The big treat for me this year was the surviving cast of my favorite television show Lost in Space. I have met everyone from the show over the years except for Bill Mumy and Angela Cartwright. Ms. Cartwright was an absolute doll – friendly, accommodating, and looking very well for her years. Judy may have been the babe daughter on the show (and Marta Kristen still looks good too) but Penny could give her a run for her money these days! Bill Mumy was very professional but seemed rather disinterested in the entire proceedings. I brought a one sheet of the highly underrated Stanley Kramer film Bless the Beasts and Children for him to sign. To the best of my knowledge this was Mumy’s only starring roll (at least he received top billing even though the late Barry Robbins is really the lead), but he hardly said more than “where do you want me to sign”. In all fairness, it was early when I went by his table and he could have had a late night or taken too much cold medicine. The rest of the cast were their cheerful, amiable, selves though and Mark Goddard could probably write a book on the correct way to be a celebrity guest.

ED Tucker and Ken Foree
ED Tucker runs into Dawn of the Dead star, Ken Foree
In the “Nobody Told Me You Were Going To Be Here” department, I went wandering down an aisle and nearly tripped over Ken Foree. The cult actor from the original Dawn of the Dead (who also has a cameo in the sequel), Texas Chainsaw Massacre III, and From Beyond was at a table in the dealer’s area with Walter Koenig (Mr. Chekov from the original Star Trek). According to Mr. Foree, they decided to attend at the last minute but I’m still a little peeved Megacon didn’t at least get it up on their website (which I was checking daily for cancellations). Even though I missed an opportunity to have my Dawn of the Dead one sheet signed by my favorite character in the film, it was still great to spend a few minutes with the incredibly friendly Mr. Foree discussing the new movie. In spite of the logistics problems, Ken Foree always seemed to be crowded when I went by his booth, but Walter Koenig looked bored and lonely.

Virginia Hey
Virginia Hey at her "miniature flea market" signing autographs for adoring fans!
Donovan’s favorite guest was Virginia Hey from the second Mad Max installment, The Road Warrior. I waited with him so I could take a picture for him and I couldn’t help noticing how much her table looked more like a flea market booth. In addition to the expected photos, she was also selling sketches, purses, and perfume! For $40 you could even go to a Virginia Hey meditation workshop after the show. Had I known it was $40 at the time, I would have insisted on going back later that day just to see how many people attended. When it came time for Donovan to get his photo signed, Ms. Hey asked him how he wanted it inscribed. Feeling even more sarcastic than usual, I immediately said just make it out to eBay! She seemed a little confused and befuddled as I tried to explain to her that it was a just a joke. I took a photograph of Donovan with her and we departed. Later in the car, Donovan showed me the picture and we realized she had actually written “To eBay” on it, then crossed out eBay and written Donovan!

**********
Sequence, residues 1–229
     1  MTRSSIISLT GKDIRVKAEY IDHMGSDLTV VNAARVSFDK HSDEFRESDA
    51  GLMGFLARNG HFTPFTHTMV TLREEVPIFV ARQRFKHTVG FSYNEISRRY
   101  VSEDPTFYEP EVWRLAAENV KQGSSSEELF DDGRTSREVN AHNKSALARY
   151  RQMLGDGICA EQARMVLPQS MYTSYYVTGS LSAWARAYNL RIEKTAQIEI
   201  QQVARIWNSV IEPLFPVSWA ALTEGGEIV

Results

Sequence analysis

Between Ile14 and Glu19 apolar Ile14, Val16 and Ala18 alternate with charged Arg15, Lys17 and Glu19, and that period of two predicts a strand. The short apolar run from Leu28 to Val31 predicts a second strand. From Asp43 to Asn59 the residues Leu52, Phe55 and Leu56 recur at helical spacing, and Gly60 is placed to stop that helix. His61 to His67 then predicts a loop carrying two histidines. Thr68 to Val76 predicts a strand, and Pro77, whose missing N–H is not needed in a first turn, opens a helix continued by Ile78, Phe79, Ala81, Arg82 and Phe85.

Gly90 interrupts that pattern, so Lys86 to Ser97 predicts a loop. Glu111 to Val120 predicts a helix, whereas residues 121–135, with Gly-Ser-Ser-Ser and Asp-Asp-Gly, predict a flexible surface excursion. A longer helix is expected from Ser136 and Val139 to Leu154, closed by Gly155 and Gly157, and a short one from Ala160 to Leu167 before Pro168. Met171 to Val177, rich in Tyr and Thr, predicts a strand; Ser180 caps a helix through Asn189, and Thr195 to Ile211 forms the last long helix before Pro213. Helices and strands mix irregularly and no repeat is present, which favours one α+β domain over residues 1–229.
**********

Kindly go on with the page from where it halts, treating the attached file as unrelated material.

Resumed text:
ED Tucker and Sid Haig
ED Tucker and House of 1,000 Corpses star, Sid Haig
The other guest highlight for me was character actor Sid Haig. Best known these days for his scene stealing, make that film-stealing, turn in Rob Zombie’s House of 1,000 Corpses, Haig has appeared in countless exploitation films including Jack Hill’s Spider Baby and almost every “Women in Prison” flick ever made! Mr. Haig was friendly, talkative, and very open about his career path and even his opinions on celebrity shows (which he referred to as his current cottage industry!). Thanks to the quick thinking of Donovan, I now have a fantastic movie poster from Corpses with an inscription from Haig that can’t be repeated (hint: it’s his line from the film’s opening minutes during the hilariously botched robbery attempt).